52. P. Naur, B. Randall, and J.N. Buxton eds. Software Engineering: Proc. NATO Conf., Petrocelli/Carter, New York, 1976, p. 89.
53. R. Canning, "Issues in Programming Management," EDP Analyzer, vol. 12, no. 4, Apr. 1974.
54. B. Rothery, , Installing and Managing a Computer, Business Books, London, 1968, p. 80.
55. A.P. Ershov, "Aesthetics and the Human Factor in Programming," Comm. ACM, vol. 15, no. 7, July 1972, p. 502.
56. Ibid., p. 502.
57. In the early 1970s, several books expressing concerns about the "industrialization" of programming appeared, the most notable of which is P. Kraft, Programmers and Managers: The Routinization of Computer Programming in the United States, Springer-Verlag, New York, 1977.
58. Although the specific composition of the group changed from year to year, the attendees always represented the highest levels of leadership in the discipline: award-winning computer scientists, successful business entrepreneurs, association presidents, and prolific authors.
59. Proc. Rand Symp., "Defining the Problem, Part II," Datamation, vol. 11, no. 9, Sept. 1965, pp. 23-35.
60. DPMA report, Six Measures of Professionalism, Charles Babbage Inst. Archives, CBI 88, Box 21, Fld. 40., Univ. of Minnesota, Minneapolis.
61. A. Oettinger, "ACM Sponsors Professional Development Program (President's Letter to ACM Membership)," Comm. ACM, vol. 9, no. 10, Oct. 1966, pp. 712-713.
62. H. Wilensky, "The Professionalization of Everyone?" American J. Sociology, vol. 70, no. 2, Feb. 1964, pp. 137-158.
63. M.S. Larson, The Rise of Professionalism: A Sociological Analysis, Univ. of California Press, Berkeley, 1977.
64. R. Zussman, Mechanics of the Middle Class: Work and Politics Among American Engineers, Univ. of California Press, Berkeley, 1985.
65. The sociologist Harold Wilensky describes numerous case studies of occupations attempting to professionalize in this period, among them librarians, druggists, funeral directors, and high school teachers. See Wilensky, "The Professionalization of Everyone?" (1964).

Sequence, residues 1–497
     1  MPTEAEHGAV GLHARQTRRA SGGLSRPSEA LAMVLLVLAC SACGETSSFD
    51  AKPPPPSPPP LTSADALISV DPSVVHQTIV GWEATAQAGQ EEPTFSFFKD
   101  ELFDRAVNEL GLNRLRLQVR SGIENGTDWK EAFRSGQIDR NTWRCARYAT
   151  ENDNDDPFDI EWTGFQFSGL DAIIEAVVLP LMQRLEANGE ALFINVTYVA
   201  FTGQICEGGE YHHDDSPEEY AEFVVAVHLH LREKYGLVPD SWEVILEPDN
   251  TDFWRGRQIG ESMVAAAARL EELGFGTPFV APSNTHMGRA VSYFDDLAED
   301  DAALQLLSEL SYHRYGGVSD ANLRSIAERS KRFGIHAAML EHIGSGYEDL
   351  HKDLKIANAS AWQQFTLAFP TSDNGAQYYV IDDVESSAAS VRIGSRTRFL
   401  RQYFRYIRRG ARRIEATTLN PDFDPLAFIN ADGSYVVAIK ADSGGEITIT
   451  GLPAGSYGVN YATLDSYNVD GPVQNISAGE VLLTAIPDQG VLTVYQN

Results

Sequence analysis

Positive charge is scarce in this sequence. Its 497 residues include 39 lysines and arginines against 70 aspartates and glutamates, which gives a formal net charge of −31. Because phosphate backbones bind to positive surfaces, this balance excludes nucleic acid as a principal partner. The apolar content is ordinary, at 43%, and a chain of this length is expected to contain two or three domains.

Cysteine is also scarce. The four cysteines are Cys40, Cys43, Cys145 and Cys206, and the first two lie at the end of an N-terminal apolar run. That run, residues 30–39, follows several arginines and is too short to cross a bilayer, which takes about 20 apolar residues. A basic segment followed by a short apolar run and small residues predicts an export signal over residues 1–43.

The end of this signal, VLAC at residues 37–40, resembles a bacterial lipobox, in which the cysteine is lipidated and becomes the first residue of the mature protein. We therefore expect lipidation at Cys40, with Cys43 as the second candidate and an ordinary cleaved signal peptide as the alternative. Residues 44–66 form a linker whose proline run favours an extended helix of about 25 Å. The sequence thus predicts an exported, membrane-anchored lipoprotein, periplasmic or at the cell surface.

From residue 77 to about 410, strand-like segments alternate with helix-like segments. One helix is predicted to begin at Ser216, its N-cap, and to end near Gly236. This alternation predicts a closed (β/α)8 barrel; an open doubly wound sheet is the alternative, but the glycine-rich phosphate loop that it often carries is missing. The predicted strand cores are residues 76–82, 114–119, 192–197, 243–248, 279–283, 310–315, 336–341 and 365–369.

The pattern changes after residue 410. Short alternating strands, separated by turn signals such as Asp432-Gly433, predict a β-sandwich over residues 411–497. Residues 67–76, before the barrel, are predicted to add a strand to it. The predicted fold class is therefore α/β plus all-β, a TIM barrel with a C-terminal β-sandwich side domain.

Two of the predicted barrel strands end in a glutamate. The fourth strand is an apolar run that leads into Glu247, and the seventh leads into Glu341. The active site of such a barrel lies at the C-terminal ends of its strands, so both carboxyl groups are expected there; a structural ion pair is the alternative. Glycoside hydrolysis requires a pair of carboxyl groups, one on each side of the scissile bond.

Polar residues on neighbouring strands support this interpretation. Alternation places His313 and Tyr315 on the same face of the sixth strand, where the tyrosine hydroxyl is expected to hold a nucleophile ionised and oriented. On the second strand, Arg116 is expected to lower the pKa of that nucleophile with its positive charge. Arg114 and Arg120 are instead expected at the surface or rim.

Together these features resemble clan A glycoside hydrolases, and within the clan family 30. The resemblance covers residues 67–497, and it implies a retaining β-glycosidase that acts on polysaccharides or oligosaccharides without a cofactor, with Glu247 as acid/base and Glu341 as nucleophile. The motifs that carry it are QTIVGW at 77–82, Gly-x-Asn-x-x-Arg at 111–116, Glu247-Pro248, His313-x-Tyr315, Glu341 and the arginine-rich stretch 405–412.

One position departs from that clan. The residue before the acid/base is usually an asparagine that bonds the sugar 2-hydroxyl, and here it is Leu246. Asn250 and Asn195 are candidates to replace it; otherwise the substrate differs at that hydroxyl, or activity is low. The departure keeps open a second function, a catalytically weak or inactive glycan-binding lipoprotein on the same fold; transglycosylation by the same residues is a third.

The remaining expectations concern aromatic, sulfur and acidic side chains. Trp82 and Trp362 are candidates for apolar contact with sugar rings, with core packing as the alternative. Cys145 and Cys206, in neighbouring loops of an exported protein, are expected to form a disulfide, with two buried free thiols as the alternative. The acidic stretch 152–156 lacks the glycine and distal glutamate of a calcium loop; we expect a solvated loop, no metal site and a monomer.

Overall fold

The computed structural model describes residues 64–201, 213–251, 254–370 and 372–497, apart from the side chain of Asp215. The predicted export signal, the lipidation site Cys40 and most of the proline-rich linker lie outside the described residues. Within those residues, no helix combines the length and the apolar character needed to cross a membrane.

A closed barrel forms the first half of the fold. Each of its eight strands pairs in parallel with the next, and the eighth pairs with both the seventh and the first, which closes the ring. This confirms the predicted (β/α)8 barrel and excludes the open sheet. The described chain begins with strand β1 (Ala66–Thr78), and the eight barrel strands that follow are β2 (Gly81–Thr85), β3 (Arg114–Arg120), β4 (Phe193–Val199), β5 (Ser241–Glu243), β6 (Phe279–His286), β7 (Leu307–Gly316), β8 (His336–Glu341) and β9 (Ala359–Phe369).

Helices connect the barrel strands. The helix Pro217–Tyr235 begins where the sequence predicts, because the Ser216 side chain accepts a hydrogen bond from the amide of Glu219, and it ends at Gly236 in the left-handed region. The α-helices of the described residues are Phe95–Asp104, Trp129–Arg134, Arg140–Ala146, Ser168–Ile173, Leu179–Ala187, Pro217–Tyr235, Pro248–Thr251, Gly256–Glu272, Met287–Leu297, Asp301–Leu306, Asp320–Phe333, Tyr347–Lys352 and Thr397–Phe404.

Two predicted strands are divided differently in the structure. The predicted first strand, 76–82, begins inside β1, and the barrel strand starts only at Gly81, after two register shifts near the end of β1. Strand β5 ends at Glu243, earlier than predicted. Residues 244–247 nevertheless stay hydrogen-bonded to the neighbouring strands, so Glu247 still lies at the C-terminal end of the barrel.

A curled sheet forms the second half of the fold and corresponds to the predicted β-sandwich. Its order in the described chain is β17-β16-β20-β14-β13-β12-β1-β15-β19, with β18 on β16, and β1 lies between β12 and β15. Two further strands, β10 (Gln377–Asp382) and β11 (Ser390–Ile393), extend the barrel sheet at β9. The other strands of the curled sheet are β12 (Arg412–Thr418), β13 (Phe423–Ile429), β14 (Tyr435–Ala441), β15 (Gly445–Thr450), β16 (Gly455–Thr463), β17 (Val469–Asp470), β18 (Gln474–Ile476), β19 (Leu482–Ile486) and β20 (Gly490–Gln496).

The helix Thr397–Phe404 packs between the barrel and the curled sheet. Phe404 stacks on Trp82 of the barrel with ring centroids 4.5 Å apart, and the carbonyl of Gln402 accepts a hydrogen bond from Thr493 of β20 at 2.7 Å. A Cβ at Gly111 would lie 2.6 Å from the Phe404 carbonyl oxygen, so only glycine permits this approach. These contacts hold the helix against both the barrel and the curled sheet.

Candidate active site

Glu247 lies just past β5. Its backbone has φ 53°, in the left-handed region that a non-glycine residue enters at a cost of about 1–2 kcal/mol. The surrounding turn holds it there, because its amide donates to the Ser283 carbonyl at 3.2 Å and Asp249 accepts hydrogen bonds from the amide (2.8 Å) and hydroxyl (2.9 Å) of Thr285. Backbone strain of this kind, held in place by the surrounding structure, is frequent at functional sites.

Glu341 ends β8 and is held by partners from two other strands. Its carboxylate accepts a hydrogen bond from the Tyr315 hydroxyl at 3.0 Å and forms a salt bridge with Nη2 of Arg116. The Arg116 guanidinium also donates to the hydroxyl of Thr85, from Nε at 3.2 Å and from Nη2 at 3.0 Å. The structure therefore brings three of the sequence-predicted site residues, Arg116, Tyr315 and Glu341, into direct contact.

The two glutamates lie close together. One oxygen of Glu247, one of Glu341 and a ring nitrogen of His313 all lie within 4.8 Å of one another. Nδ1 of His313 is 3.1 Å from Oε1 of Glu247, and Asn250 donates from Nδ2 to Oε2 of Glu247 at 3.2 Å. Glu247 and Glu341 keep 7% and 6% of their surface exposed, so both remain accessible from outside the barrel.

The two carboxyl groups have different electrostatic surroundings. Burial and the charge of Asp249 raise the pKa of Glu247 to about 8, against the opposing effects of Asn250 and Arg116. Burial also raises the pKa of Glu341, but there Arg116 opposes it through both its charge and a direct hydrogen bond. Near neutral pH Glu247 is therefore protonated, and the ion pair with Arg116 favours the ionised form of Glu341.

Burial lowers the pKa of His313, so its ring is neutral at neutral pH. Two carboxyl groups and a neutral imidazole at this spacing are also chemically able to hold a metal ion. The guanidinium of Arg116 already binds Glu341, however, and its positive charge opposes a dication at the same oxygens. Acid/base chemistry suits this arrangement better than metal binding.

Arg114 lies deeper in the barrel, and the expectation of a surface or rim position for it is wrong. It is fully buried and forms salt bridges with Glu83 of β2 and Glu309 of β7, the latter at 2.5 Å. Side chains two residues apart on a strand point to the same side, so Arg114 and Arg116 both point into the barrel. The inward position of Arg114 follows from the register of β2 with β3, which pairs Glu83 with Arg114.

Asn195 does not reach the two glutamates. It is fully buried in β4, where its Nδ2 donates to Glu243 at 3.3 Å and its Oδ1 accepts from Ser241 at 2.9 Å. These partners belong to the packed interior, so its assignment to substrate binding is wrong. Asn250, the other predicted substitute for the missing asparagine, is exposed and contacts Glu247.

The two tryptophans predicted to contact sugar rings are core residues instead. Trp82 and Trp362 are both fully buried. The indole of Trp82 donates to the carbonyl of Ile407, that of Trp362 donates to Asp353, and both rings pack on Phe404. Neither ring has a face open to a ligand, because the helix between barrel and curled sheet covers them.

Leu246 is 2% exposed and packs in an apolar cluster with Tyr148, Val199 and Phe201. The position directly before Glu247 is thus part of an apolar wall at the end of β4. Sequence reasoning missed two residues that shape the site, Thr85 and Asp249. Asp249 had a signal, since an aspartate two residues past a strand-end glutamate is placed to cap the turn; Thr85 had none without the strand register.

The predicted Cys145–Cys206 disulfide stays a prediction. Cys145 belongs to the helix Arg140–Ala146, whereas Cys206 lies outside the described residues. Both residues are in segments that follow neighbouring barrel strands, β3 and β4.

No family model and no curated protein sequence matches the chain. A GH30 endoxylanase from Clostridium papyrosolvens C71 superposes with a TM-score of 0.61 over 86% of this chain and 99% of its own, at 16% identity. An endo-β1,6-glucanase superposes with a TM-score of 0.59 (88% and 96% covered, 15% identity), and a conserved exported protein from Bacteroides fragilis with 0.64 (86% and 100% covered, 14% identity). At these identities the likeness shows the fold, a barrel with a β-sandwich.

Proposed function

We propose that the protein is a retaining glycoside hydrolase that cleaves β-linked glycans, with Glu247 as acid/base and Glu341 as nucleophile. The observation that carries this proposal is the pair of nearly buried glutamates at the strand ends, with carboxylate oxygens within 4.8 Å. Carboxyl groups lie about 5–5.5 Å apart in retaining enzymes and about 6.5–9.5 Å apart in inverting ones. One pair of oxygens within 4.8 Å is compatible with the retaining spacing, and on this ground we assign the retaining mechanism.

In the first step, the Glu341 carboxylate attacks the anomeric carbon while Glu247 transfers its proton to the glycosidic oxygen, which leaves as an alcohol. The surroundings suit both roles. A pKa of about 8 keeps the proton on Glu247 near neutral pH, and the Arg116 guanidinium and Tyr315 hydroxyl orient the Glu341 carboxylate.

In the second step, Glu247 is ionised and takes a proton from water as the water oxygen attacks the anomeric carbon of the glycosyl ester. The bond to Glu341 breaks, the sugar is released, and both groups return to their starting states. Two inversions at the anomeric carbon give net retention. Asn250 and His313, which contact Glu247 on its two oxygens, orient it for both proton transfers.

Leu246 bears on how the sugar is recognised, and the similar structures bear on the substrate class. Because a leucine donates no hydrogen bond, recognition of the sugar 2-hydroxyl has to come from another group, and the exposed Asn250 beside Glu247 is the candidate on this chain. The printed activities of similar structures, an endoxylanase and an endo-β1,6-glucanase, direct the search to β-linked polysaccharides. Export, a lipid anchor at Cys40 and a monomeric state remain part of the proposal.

66. "Professionalism Termed Key to Computer Personnel Situation," pp. 156-157.
67. R. Canning, "Professionalism: Coming or Not?," p. 2.
68. R. Gordon, "Personnel Selection," Data Processing—Practically Speaking, F. Gruenberger and S. Naftaly, eds., Data Processing Digest, Los Angeles, 1967, pp. 85, 87.
69. L. Fein, "The Role of the University in Computers, Data Processing, and Related Fields," Comm. ACM, vol. 2, no. 10, Oct. 1959.
70. Q. Correll, "Letters to the Editor," Comm. ACM, vol. 1, no. 7, July 1958, p. 2; P.A. Zaphyr, "The Science of Hypology," (letter to editor), Comm. ACM, vol. 2, no. 1, Jan. 1959, p. 4; Editors of DATA-LINK, "What's in a Name?," (letter to editor), Comm. ACM, vol. 1, no. 4, Apr. 1958, p. 6. A more complete treatment of this history can be found in Paul Ceruzzi, "Electronics Technology and Computer Science, 1940-1975: A Coevolution," Annals of the History of Computing, vol. 10, no. 4, Apr. 1989, pp. 257-275.
71. C.M. Sidlo, "The Making of a Profession," (letter to editor), Comm. ACM, vol. 4, no. 8, Aug. 1961.
72. M. Gotterer, "The Impact of Professionalization Efforts on the Computer Manager," Proc. 1971 ACM Ann. Conf., ACM Press, New York, 1971, pp. 371, 372.
73. J. Carlson, "On Determining CS Education Programs," (letter to editor), Comm. ACM, vol. 9, no. 3, Mar. 1966.
74. E. Weiss, "Publications in Computing: An Informal Review," Comm. ACM, vol. 15, no. 7, July 1972.
75. S. Gass, "ACM Class Structure," (letter to editor), Comm. ACM, vol. 2, no. 5, May 1959, p. 4.
76. Charles Babbage Inst. Archives, CBI 88, Box 22, Fld. 1; Charles Babbage Inst. Archives, CBI 23, Box 1, Fld. 15; Univ. of Minnesota, Minneapolis.
77. Editorial, "The Cost of Professionalism," Datamation, vol. 9, no. 10, Oct. 1963.
78. A. Oettinger, "On ACM's Responsibility (President's Letter to ACM Membership)," Comm. ACM, vol. 9, no. 8, Aug. 1966.
79. Ibid., p. 546.
80. Proc. Rand Symp., 1969. Charles Babbage Inst. Archives, CBI 78, Box 3, Fld. 4; Univ. of Minnesota, Minneapolis.
81. W. Aspray, "Was Early Entry a Competitive Advantage?," Annals of the History of Computing, vol. 22, no. 3, July-Sept. 2000, p. 65.